EMC Buys Services Firm With Microsoft Focus

Information systems vendor EMC has acquired Internosis Inc. in a bid to improve the way it delivers professional services to customers with Microsoft-based software systems.

Privately-held Internosis specializes in IT strategy, application development, IT infrastructure and managed services for Microsoft environments.

EMC, whose services revenues have been growing faster than the Hopkinton, Mass., company’s hardware and software portfolios, said the buy should prop up its ability to deliver integrated products around application infrastructure.

EMC said the Greenbelt, Md. company has some 250 service professionals to help clients minimize risk and maximize productivity around directory services, knowledge management, collaboration and end-to-end migrations.

Internosis will become the Microsoft Practice within EMC Technology Solutions, EMC’s services group. Internosis’ services will be marketed and sold through EMC’s North American sales channels and business partners.

“As a best-of-breed provider of services and solutions in Microsoft-oriented application infrastructure and development, Internosis significantly expands EMC’s services reach and capabilities,” said Derrell James, senior vice president, EMC Technology Solutions.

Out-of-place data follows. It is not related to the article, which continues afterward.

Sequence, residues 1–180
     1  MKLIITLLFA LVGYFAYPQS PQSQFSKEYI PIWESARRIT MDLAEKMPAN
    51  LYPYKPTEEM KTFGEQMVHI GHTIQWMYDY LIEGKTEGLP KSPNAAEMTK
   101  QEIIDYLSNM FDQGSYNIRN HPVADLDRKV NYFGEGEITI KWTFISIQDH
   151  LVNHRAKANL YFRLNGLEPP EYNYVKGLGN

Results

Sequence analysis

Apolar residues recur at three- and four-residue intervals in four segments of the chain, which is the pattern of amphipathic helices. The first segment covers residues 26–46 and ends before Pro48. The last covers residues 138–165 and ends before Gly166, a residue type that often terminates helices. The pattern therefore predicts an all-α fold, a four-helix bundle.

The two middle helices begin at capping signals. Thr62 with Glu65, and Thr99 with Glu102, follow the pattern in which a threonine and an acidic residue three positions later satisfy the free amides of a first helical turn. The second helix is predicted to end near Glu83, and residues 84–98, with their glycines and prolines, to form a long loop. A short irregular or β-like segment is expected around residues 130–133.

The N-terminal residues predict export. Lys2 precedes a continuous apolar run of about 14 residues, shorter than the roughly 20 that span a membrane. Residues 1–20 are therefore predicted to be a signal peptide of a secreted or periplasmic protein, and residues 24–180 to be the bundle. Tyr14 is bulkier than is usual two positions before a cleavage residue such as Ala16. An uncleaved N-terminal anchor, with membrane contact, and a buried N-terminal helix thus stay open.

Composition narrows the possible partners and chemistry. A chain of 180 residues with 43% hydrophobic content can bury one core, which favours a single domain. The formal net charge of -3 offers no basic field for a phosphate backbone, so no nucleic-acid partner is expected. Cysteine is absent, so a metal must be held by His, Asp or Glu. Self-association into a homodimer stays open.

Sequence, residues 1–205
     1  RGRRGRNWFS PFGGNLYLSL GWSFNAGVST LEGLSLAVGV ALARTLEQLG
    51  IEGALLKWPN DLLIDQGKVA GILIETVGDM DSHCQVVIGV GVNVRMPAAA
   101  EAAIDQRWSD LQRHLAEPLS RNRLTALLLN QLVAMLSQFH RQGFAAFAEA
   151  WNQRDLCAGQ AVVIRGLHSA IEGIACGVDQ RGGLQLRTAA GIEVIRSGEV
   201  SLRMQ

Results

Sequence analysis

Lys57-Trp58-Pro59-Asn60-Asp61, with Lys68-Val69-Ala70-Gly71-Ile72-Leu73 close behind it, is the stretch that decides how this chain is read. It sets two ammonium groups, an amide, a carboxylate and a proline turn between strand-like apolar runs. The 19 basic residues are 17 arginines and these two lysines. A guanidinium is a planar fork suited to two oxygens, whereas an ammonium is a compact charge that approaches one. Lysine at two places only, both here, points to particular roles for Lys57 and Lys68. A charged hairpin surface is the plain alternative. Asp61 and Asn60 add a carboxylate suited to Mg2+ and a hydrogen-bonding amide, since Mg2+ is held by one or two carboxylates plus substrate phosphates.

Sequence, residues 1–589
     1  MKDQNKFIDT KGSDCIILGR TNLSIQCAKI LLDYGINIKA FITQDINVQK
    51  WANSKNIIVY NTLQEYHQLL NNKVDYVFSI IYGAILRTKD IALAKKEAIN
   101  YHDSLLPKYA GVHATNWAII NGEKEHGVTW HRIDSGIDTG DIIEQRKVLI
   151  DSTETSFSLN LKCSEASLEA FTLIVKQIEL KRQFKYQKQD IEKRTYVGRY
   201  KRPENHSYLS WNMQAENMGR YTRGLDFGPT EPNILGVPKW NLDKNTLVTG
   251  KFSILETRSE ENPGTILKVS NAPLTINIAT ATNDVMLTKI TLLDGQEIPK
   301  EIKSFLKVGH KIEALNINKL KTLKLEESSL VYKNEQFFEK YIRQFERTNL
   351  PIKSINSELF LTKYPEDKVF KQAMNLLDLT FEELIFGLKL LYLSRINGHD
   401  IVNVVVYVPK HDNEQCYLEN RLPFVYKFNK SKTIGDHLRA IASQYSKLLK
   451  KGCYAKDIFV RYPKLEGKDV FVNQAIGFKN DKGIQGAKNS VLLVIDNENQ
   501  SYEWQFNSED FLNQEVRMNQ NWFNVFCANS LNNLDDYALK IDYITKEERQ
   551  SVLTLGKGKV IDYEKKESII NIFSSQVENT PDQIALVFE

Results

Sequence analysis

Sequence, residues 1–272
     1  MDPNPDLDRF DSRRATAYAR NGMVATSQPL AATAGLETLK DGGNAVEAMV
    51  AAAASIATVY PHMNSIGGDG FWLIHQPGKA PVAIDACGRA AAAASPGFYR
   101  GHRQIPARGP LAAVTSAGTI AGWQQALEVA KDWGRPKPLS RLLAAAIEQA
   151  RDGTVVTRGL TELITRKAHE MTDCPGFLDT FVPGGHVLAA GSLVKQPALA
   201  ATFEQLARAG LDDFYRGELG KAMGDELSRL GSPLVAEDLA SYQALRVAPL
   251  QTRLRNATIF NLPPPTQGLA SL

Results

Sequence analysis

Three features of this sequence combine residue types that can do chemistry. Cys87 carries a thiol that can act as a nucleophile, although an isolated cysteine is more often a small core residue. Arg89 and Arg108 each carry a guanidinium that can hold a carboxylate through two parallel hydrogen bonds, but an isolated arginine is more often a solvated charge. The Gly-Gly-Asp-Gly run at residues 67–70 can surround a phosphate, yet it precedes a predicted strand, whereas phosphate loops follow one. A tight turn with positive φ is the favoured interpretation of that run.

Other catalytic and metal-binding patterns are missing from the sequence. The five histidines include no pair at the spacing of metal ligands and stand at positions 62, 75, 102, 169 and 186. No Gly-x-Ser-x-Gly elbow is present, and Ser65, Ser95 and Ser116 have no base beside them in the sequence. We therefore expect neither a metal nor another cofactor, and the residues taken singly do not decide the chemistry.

Financial terms of the deal were not disclosed, but EMC said the acquisition is not expected to have a material impact to EPS for 2006.

EMC has been revving its services engine to better serve customers and compete with IBM and HP. The company’s services business grew 31 percent to $1.4 billion in 2003, ballooned 49 percent to $2.1 billion in 2004 and was the fastest-growing business segment for EMC in every quarter last year.

Last month, the company announced data erasure services, a government-geared service and 24-7 services for its ControlCenter, Documentum and Networker software.

Services are just a part of EMC’s acquisitive targets.

The vendor last week acquired the grid software infrastructure assets of Acxiom, getting another foot in the utility computing door.

Article courtesy of Internet News

Clint Boulton
Clint Boulton is an Enterprise Storage Forum contributor and a senior writer for CIO.com covering IT leadership, the CIO role, and digital transformation.

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